Welcome to the Mississippi Master Gardener's website. Through this program, individuals are trained and certified in consumer horticulture and related areas.
In exchange for 40 hours of educational training, individuals are required to return 40 hours of volunteer service within one year of their training. This service should help county Extension offices with horticulture projects that benefit their local communities.
After the first year, volunteers are required to return 20 hours of volunteer service and to attend 12 hours of educational training to remain certified as Master Gardeners.
Continuing education is offered to encourage long-term commitments. Most certified Master Gardeners serve five to seven years. The Master Gardener approach helps the local Extension office reach a broader audience than is possible with only one or two agents. It also provides the local office a way to serve the public and, at the same time, develop a supportive clientele group.
Volunteers help extend the educational arm of the university to the public by providing horticultural information based on university research and recommendations.
The Master Gardener Volunteer program is a great way to gain horticultural expertise at a low cost, meet other avid gardeners, share gardening experiences, get connected to the community, and belong to a well-respected and educational organization.
Gardeners who want to give back to their communities can take advantage of an online training opportunity to hone their skills this fall. Registration opens Aug. 15 and ends Sept. 15 for the newest class of Master Gardeners.
After a relatively mild summer, heat and humidity have arrived in full force in Mississippi. Going outside during the afternoon is miserable these days! If you’re like me, I try to get all my outdoor activities wrapped up in the morning or late afternoon to avoid the heat. Be sure you can recognize the signs of heat-related illness, and remember to drink plenty of water anytime you’re outside! Hydration is important!
STARKVILLE, Miss. -- Registration opens March 1 for the newest class of Master Gardeners, who will receive their training online this year.
Master Gardeners are expert volunteers trained and certified in consumer horticulture and related areas by the Mississippi State University Extension Service. In exchange for 40 hours of educational training, participants are required to return 40 hours of volunteer service within one year of their training.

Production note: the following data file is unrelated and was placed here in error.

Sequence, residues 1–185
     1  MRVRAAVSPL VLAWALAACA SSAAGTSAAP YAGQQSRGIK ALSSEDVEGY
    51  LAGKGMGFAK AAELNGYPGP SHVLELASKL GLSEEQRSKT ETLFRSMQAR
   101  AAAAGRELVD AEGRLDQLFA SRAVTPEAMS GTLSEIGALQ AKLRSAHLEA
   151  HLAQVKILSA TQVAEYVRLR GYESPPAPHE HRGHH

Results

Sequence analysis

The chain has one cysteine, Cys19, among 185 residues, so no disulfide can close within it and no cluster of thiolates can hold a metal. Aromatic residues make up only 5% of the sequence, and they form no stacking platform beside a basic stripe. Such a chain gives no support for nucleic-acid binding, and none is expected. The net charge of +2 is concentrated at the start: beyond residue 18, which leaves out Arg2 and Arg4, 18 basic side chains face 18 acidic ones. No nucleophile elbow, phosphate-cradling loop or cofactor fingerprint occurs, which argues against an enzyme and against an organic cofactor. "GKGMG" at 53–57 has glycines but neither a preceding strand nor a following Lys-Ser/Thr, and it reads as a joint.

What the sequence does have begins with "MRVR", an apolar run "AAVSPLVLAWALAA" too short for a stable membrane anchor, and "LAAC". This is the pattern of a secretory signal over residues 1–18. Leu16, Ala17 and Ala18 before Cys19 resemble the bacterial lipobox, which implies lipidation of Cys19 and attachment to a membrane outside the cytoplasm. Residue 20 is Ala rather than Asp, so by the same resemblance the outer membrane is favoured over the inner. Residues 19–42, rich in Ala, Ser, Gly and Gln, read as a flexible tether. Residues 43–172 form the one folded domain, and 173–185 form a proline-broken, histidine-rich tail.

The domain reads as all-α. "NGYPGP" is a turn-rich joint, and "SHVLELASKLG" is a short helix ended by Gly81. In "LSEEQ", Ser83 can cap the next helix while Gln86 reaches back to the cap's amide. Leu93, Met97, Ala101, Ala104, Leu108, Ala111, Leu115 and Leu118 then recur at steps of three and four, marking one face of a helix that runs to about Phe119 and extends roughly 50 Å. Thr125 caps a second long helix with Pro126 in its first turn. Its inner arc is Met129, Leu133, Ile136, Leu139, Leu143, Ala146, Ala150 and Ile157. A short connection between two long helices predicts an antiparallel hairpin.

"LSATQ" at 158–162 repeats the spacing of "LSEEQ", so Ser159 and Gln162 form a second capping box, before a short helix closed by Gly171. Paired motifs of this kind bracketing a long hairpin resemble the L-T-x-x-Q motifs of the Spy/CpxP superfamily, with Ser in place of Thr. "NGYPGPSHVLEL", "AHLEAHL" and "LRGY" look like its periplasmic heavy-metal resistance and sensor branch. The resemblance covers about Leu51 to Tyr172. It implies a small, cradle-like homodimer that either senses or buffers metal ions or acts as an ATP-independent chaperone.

This year, all Master Gardener instruction is online and self-paced. The class begins May 1 and closes June 30.
Video by Michaela Parker
The year is winding down. The weather is finally cooling off and the leaves are slowly, but surely, changing colors. Cooler weather means fewer things to do in your garden. (Are you rejoicing or feeling bummed?) Before we wrap up the year, however, complete a few tasks in your lawn and garden to be ready for the spring! Here are four tasks to do in November:
Video by Michaela Parker
We’ve finally made it to fall! The temperatures are dropping, the leaves are changing colors, and I can’t wait to purchase pumpkins and mums for my front porch!
If you’re trying to stay on top of what tasks you should be doing in your yard and garden, check out these four for the month of October.
Pine Belt Master Gardeners Get Longtime Gardener "back in the dirt"
Eight years ago, Hattiesburg pharmacist Jim Murray gave up gardening because his knees gave out and doctors told him his days of keeping flower beds and cultivating his home garden were over. However, he has returned to gardening thanks to the Pine Belt Master Gardeners’ salad table project.
Webinar series provides Extension programming virtually
Wearing a face mask and keeping his social distance, Dr. Christian Stephenson dropped by Eileen Hollander’s Poplarville home in early September. He was there to help her identify scale insects on the mulberry trees in her garden and suggest research-based remedies.
Master Gardener volunteers despite pandemic challenges
The sun was beating down, the humidity oppressive, and the flower bed dry. It was April 29, 2020, and the pandemic had closed the Mississippi State University Extension Service office in Washington County, where the snapdragons are.
After a conversation with a fellow volunteer at St. Dominic’s Hospital in Jackson, John Malanchak decided to follow his heart.
“I’d always wanted to work with special needs individuals,” explains Malanchak, a retired geologist. “But I didn’t know what I could offer them.”
See what's new in Extension: a new monarch garden, a storytelling series will begin, the Garden Expo highlights Extension education, and Keep America Beautiful recognizes MSU Extension.